Jaap Stam was looking for more than three points from his first three Eredivisie matches, but the head coach called for rea...
Martin van Geel will leave Feyenoord at the end of the season. In close consultation with the other members of the management team, the technical director has reached the conclusion that it would be better for him and for the club if he were to leave his post this summer. It will bring to an end eight years of major sporting success for Feyenoord under Martin van Geel after a long barren period. He has also made an important contribution to the club’s return to financial good health.
Martin van Geel joined Feyenoord in 2011-2012, when the club had huge debts and substantially negative shareholder equity. His main task was putting together a solid, recognisable squad with a salary budget that had been basically halved. Players had to be sold, but at first he could expect none of the transfer revenue to invest in new players. That only changed to a very limited degree later on.
In spite of these restrictions, sporting success arrived very soon, with a second place finish in the Eredivisie in Van Geel’s first season under coach Ronald Koeman, who he appointed. All told, Feyenoord won five trophies in Van Geel’s eight years at the helm as technical director, with the absolute highlight the first Eredivisie title in 18 seasons, which was secured on 14 May 2017.
As the club’s financial situation has been put on an even keel (helped by the positive results in the transfer market), the salary budget has continually risen by a million euros on average over recent seasons, while there have been investments in 1908, the new first-team training complex, and the new youth academy complex that is currently being built.
‘It has been a wonderful adventure’
‘I will leave proud of what we have achieved here together over the past eight years. It has been a wonderful adventure and we have achieved a string of successes together that no one at all believed we were capable of. Naturally, it’s a shame that it will end soon, because I could have continued working for years with my immediate colleagues, but the destiny of a technical director is that past achievements and where you have come from as a club are soon forgotten by part of the outside world when you experience a less good period. That’s a shame, but it’s just how things work. The great negative attention I am now getting is not good for Feyenoord. That’s why I am making way. Over the next few months I will make sure that I hand everything over to my successor in the best state possible. I have no idea what I will do after 1 July, but I am still full of energy and ambition. I hope the club can pursue new successes next season with renewed vigour under a new technical director and a new head coach’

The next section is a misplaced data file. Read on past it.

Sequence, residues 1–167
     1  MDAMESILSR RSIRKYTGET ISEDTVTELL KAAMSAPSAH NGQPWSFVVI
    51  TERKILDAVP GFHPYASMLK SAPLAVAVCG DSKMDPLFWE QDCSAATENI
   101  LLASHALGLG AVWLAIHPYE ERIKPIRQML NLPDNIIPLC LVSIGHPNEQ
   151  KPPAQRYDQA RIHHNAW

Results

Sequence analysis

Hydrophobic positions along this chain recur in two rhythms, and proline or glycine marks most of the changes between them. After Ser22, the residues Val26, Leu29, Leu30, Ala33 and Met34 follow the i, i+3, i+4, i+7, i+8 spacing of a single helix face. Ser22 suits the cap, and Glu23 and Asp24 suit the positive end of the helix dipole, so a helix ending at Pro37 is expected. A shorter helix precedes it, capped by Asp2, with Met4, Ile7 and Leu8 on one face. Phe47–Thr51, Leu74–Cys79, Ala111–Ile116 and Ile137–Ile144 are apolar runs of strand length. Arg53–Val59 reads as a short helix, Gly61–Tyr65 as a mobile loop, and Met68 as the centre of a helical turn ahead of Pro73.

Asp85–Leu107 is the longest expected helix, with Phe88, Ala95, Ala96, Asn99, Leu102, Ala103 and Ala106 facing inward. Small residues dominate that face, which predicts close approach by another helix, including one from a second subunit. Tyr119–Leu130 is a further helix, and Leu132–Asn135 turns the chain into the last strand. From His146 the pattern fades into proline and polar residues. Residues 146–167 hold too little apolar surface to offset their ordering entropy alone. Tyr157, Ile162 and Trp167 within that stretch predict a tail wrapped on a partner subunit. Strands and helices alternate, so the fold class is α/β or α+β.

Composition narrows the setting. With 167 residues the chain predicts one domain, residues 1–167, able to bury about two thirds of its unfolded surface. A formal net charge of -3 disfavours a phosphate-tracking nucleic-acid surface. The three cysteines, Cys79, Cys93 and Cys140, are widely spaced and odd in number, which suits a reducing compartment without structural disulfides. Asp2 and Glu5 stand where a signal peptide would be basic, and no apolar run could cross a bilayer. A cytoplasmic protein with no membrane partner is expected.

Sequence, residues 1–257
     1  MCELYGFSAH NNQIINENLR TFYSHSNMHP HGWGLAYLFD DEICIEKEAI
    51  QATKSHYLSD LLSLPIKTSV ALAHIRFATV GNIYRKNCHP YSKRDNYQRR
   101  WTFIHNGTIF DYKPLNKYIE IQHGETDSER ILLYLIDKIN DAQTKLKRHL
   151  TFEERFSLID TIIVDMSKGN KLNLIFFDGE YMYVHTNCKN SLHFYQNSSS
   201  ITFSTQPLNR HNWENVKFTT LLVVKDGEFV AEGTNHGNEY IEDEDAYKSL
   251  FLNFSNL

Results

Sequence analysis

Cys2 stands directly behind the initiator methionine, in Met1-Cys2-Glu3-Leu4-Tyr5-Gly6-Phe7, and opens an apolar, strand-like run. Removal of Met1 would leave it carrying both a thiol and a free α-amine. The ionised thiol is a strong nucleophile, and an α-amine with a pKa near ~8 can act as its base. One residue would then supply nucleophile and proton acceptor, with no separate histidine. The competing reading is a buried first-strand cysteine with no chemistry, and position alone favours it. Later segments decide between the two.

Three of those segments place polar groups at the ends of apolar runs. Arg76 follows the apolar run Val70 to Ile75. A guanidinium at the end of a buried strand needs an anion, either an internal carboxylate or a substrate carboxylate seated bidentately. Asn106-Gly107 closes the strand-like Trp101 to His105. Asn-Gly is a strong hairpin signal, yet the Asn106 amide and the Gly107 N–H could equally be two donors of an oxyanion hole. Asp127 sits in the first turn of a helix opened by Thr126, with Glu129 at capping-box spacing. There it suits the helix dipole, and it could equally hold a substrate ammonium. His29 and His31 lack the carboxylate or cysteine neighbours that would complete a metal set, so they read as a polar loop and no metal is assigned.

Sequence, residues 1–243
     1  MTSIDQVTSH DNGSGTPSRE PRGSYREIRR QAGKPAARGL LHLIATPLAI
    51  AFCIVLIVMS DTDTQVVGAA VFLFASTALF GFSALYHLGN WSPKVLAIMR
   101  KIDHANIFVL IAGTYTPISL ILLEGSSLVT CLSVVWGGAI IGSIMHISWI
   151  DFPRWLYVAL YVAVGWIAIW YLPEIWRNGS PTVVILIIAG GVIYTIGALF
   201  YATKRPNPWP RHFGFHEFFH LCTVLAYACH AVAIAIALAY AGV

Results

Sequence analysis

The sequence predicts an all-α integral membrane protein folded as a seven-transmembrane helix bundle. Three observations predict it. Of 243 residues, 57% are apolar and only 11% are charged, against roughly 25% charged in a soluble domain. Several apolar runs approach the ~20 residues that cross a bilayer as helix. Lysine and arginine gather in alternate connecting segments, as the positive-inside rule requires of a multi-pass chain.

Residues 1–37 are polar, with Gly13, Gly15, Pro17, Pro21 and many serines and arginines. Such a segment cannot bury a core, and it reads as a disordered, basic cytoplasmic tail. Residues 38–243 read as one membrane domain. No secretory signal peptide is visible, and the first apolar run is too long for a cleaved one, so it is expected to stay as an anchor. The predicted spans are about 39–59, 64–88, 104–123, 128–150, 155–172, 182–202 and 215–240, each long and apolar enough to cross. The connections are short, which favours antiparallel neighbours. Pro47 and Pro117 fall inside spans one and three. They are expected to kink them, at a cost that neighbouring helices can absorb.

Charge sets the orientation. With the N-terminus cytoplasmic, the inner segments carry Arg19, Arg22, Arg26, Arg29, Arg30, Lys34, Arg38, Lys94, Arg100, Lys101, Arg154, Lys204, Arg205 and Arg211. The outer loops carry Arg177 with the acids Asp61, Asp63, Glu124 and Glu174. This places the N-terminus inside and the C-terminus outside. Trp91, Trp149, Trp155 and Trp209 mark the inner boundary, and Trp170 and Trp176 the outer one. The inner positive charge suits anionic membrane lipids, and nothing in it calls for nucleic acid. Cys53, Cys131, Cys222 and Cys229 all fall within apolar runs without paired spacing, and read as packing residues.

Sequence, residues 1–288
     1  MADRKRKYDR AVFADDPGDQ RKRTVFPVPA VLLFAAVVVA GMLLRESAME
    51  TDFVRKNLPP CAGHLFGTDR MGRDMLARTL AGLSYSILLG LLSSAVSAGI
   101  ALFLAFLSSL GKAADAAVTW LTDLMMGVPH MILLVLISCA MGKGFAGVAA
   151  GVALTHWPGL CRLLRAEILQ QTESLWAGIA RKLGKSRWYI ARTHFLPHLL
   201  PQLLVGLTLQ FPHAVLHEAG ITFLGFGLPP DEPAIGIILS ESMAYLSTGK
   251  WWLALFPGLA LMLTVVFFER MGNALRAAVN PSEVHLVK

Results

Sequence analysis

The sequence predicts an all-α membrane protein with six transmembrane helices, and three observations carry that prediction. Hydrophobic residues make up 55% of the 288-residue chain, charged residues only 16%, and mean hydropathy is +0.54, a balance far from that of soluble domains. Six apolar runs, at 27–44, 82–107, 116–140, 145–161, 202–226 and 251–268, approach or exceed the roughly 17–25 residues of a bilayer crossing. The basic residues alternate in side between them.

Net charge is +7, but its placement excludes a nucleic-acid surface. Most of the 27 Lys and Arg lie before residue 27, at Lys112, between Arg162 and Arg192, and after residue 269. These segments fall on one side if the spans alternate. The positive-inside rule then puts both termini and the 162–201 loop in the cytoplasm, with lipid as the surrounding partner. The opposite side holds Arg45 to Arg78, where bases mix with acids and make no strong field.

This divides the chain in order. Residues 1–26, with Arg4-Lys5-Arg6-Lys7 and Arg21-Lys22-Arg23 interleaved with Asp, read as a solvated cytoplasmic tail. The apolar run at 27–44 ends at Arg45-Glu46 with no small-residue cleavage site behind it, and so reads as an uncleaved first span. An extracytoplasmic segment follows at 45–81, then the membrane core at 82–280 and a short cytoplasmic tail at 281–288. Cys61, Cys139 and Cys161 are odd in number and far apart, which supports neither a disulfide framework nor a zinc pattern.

It is not yet known who will succeed the longest-serving technical director in Feyenoord’s history, general manager Jan de Jong stresses. ‘So we are also happy that Martin will stay in post for a few months. We will take our time to ensure we make the right decisions for the future, so we don’t need to fear that lots of technical matters will not get attended to. The Martin I have got to know over the past 18 months will work 100% for this club until his last day in the job.’
De Jong observes that there is a huge turnover in management positions across professional football. ‘One person after another leaves football, some forced out, others not. Martin is a positive exception, with eight years of service as technical director. It is concerning, because stability, experience and continuity of policy are important factors in the success of a football club. You don’t win five trophies just like that. It’s no coincidence! Clubs benefit from calm and continuity at the top, precisely when it’s not going as well. And it happens to everyone at some point. Martin obviously has a wealth of experience and a very good record. However, at one point you have to have the courage to consider the wellbeing of the individual and you must assume your responsibilities together. Ultimately, that is the most important thing.’
‘Time will tell, but it would be great if Martin’s current critics over a number of years have the courage to look back and admit that he delivered a truly great performance, often in very difficult circumstances,’ says De Jong. ‘Feyenoord should be grateful to him for his great contribution to the successes of recent years. They will stand forever!’